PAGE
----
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Storytelling in the Fourth Industrial Revolution: Merging Physical Computing and Social Sciences

Explore and create
Pre-registration required

Explore and create : BYODex


Tuesday, June 25, 4:15–5:45 pm
Location: Franklin 1-2, Marriott

Susan Brown   Natalie Freed   Barbara Liedahl  
Integrate media arts, a maker mindset and physical computing into any subject! In this deep-dive, hands-on session, join us to explore and design a paper circuit, illustrate and illuminate your “message” with LEDs, and, using a Chibitronics ChibiChip, use code to make it come to life.

Audience: Curriculum/district specialists, Teachers, Library media specialists
Skill level: Intermediate
Attendee devices: Devices required
Attendee device specification: Smartphone: Windows, Android, iOS
Laptop: Chromebook, Mac, PC
Tablet: Android, iOS, Windows
Participant accounts, software and other materials: Internet access
Computing device with a 3.5mm headphone jack (for ChibiChip)
Personal Gmail account helpful but not required.
Focus: Digital age teaching & learning
Topic: Maker activities and programs
Grade level: PK-12
Subject area: Social studies, STEM/STEAM
ISTE Standards: For Students:
Computational Thinker
  • Students understand how automation works and use algorithmic thinking to develop a sequence of steps to create and test automated solutions.
Innovative Designer
  • Students exhibit a tolerance for ambiguity, perseverance and the capacity to work with open-ended problems.

Proposal summary

Purpose & objective

Our ancestors were makers. They worked with their hands to plant and harvest crops, build homes and toys, and created solutions to everyday problems to make their lives better and easier. Over the past generations and in our schools, we have lost touch with our instinctual maker abilities because we have developed automated processes to alleviate the need for human intervention with the stuff we humans don’t want to do, or have the stamina to do. As a result, evolutionary changes have pushed the maker in us aside. We have lived through the First, Second, and Third Industrial Revolutions, so now it is time to embrace the Fourth Industrial Revolution!

We believe it is important to bring the “maker” back into our world, in order for us to better understand our world, not to go backward, but to more fully understand the “why” things are the way they are. This presentation will take the participant on a journey to discover how hands-on making can span content areas, engaging students in civic decisions in a transformative way.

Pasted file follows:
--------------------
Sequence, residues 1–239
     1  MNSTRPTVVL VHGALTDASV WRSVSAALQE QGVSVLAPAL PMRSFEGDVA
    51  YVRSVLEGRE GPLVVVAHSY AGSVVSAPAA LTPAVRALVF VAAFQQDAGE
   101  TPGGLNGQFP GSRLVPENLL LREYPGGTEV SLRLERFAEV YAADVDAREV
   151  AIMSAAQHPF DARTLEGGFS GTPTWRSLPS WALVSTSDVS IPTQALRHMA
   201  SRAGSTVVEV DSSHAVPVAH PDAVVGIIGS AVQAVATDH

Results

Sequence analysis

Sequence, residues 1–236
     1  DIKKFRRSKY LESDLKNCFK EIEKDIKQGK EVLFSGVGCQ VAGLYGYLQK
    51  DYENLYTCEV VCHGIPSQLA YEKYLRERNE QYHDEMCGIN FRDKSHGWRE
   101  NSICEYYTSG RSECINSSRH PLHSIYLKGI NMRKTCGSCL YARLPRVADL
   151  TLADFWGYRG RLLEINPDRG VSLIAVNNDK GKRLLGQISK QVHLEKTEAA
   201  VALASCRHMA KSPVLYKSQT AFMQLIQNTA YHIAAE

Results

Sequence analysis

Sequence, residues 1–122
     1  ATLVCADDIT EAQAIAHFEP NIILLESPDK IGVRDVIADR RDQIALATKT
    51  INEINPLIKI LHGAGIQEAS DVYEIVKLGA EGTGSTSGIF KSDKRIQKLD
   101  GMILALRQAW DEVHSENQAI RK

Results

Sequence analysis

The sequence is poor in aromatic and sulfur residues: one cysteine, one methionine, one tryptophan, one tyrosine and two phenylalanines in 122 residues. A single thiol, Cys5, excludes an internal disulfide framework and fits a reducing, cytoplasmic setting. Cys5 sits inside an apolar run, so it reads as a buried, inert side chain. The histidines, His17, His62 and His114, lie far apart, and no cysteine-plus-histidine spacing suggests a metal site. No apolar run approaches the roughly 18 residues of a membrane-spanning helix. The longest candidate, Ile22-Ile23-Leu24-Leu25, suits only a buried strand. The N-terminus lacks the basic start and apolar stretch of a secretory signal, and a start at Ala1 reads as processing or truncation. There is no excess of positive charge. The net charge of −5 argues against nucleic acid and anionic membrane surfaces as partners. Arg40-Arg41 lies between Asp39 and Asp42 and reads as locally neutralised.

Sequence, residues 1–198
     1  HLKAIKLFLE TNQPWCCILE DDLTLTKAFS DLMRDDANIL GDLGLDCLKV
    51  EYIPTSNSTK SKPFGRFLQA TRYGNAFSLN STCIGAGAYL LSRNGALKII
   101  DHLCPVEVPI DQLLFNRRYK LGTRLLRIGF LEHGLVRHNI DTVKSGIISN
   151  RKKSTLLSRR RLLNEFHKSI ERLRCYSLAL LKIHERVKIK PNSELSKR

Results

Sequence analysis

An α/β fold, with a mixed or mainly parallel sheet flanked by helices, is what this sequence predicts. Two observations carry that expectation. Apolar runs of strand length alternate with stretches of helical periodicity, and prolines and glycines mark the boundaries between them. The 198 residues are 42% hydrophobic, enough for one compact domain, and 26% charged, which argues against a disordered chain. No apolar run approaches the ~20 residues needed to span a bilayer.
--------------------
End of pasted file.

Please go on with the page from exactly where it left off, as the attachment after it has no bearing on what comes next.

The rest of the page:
The purpose of this session is to provide an opportunity for educators to directly experience ways to engage students in creative making and to discover resources to support teachers in planning cross-curricular, arts-integrated, physical computing learning activities.

This arts-integrated, hands-on BYODex session will inspire educators to provide learning opportunities for students that develop skills in the authentic processes of problem-solving, critical thinking, inquiry, inventing, exploring and discovering (21st Century Skills). These integrated activities will help students exercise their perseverance and resiliency, and learn from mistakes and failure.

This presentation provides an opportunity for educators to experience ways to use making and allow students to tell their own stories and take the lead in developing a better world as technological changes can and will affect their lives. Presenters share a Google Classroom to give teachers a leg up as they become “guides on the ride”.

Outline

*Introductions (15 minutes): Explore concepts of Makerspaces, Media Arts, Social Sciences, and Arts Integration. Share student-created samples and their reflections.

*Paper Circuits (30 minutes): Create a paper circuit together. Presenters model the inquiry process and demonstrate the use of online (digital) and paper (analog) resources.

*Microcontrollers (30 minutes): Explore the possibilities microprocessors can add to a project. With support by the presenters, participants will add a microcontroller (Chibitronics’ ChibiChip) into their designs and explore Microsoft Make Code to produce a different output. Presenters will share additional examples of interactive paper circuits that use the ChibiChip.

*Reflection (15 minutes): Participants share their works-in-progress with each other. Presenters recap the information shared, demonstrate extension activities, and review the online resources used during the workshop.

Supporting research

Agency by Design Online Course. (n.d.). Retrieved September 29, 2016, from http://www.agencybydesign.org/

Makerspace for Education. (n.d.). Retrieved September 29, 2016, from http://www.makerspaceforeducation.com/

Makers in Schools: Entering the Fourth Industrial Revolution (2018) Brown, S. & Liedahl, B.

Martinez, S. L., & Stager, G. (2013). Invent to Learn: Making, tinkering, and engineering in the classroom. Torrance, CA: Constructing Modern Knowledge Press.

Mountsfield Makersville. (n.d.). Retrieved June 18, 2018, from https://sites.google.com/gotvdsb.ca/mountsfieldmakersville/home?authuser=0

Papert, S., & Solomon, C. (1971). Twenty things to do with a computer. Cambridge, MA: Massachusetts Institute of Technology, A.I. Laboratory.

Solomon, C. (1986). Computer environments for children: A reflection on theories of learning and education. Cambridge, MA: MIT Press.

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Presenters

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Susan Brown, Chibitronics
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Natalie Freed, Chibitronics.com
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Barbara Liedahl, Prince George's County Public Schools

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